NotTaR of Television Sets : Low voltage power supply fundamentals   
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Low Voltage Power Supply Problems

Low voltage power supply fundamentals

TVs require a variety of voltages (at various power levels) to function. The function of the low voltage power supply is to take the AC line input of either 115 VAC 60 Hz (220 VAC 50 Hz or other AC power in Europe and elsewhere) and produce some of these DC voltages. In all cases, the power to the horizontal output transistor of the horizontal deflection system is obtained directly from the low voltage power supply. In some cases, a variety of other DC voltages are derived directly from the AC line by rectification, filtering, and regulation. In other designs, however, most of the low voltages are derived from secondary windings on the flyback (LOPT) transformer of the horizontal deflection system. In still other designs, there is a separate switchmode power supply that provides some or all of these voltages. There are also various (and sometimes convoluted) combinations of any or all of the above.

There will always be:

  1. A power switch, relay, or triac to enable main power.

  2. A set of rectifiers - usually in a bridge configuration - to turn the AC into DC. Small ceramic capacitors are normally placed across the diodes to reduce RF interference.

  3. One or more large filter capacitors to smooth the unregulated DC. In the U.S., this is most often a voltage around 150-160 V DC. In countries with 220 VAC power, it will typically be around 300-320 V DC.

  4. A discrete, hybrid, or IC regulator to provide stable DC to the horizontal deflection system. Sometimes feedback from a secondary output of the flyback or even the high voltage is used. This regulator may be either a linear or switching type. In some cases, there is no regulator.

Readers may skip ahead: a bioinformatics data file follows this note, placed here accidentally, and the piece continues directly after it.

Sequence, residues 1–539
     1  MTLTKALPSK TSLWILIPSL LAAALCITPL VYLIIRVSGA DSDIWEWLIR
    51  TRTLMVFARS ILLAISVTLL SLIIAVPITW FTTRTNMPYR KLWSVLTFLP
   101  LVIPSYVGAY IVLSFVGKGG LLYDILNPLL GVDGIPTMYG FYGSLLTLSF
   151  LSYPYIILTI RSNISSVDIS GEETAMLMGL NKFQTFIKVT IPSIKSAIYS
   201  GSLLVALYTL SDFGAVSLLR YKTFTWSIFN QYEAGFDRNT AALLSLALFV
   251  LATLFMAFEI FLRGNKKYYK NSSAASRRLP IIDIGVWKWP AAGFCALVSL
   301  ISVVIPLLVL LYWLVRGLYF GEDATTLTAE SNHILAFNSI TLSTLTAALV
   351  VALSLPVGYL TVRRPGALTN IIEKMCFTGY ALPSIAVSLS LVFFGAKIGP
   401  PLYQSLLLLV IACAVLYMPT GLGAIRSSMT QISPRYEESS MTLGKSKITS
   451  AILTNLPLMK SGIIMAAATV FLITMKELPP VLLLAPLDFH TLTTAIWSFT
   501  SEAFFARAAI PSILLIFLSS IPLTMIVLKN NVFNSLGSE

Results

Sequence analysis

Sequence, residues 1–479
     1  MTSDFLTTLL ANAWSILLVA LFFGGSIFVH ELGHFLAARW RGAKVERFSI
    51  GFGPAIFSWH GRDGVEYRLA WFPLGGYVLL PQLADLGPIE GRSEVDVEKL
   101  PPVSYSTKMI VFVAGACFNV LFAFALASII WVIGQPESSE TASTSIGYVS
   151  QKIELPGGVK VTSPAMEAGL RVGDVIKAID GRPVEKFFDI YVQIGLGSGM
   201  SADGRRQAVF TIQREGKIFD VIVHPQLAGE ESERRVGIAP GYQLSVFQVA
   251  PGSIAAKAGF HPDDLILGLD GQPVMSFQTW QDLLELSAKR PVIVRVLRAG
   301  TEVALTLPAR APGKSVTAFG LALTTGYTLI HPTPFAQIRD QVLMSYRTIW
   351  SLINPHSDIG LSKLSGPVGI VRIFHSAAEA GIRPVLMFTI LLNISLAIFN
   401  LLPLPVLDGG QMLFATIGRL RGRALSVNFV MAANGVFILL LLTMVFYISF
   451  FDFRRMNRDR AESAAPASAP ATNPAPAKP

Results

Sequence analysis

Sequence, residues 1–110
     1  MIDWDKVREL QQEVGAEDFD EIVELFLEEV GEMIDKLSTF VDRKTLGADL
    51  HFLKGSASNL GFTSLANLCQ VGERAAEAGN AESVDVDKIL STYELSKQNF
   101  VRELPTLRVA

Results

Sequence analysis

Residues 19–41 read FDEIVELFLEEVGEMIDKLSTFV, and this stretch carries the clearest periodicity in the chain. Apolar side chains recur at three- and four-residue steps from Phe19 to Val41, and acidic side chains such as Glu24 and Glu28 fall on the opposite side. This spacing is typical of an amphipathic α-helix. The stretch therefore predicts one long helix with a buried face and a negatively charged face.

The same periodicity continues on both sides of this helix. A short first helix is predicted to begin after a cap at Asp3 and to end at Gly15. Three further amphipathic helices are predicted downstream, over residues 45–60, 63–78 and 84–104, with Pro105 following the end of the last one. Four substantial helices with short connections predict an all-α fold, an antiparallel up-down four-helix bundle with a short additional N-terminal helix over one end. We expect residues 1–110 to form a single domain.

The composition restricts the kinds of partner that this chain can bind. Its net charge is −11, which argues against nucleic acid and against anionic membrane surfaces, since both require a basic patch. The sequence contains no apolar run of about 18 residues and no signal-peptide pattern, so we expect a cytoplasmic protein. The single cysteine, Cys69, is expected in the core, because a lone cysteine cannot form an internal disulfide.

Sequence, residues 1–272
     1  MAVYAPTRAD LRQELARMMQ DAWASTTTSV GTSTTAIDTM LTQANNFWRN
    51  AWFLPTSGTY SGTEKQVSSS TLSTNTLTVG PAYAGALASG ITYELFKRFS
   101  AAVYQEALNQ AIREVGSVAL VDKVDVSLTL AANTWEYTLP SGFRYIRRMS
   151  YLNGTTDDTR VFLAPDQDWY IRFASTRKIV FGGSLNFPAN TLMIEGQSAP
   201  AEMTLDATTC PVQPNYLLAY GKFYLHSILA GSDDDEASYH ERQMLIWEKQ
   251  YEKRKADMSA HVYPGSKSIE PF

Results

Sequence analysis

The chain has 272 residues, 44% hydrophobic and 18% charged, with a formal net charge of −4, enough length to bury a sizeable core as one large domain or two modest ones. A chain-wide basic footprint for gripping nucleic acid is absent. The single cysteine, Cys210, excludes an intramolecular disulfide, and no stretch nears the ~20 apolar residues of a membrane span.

5. Zero or more voltage dividers and/or regulators to produce additional voltages directly from the line power. This relatively rare except for startup circuits. These voltages will not be isolated from the line.

  6. A degauss control circuit usually including a thermistor or Posistor (a combination of a heater disk and Positive Temperature Coefficient (PTC) thermistor in a single package). When power is turned on, a relatively high AC current is applied to the degauss coil wrapped around the periphery of the CRT. The PTC thermister heats up, increases in resistance, and smoothly decreases the current to nearly zero over a couple of seconds.

  7. A startup circuit for booting the horizontal deflection if various voltages to run the TV are derived from the flyback. This may be an IC or discrete multivibrator or something else running off a non-isolated voltage or the standby power supply.

  8. A standby power supply for the microcontroller and remote sensor. Usually, this is a separate low voltage power supply using a small power transformer for line isolation. However, some sets use other (probably cheaper) approaches. See below.

Always use an isolation transformer when working on a TV but this is especially important - for your safety - when dealing with the non-isolated line operated power supply. Read and follow the information in the section: Safety guidelines.

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